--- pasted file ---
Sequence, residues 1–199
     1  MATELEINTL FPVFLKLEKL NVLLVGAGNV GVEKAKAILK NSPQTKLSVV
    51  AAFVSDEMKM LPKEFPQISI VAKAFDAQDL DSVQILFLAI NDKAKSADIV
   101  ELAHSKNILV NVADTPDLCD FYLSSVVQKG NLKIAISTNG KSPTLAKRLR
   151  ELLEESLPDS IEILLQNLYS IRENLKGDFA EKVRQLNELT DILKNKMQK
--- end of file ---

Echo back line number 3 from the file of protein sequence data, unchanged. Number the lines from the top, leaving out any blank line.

    51  AAFVSDEMKM LPKEFPQISI VAKAFDAQDL DSVQILFLAI NDKAKSADIV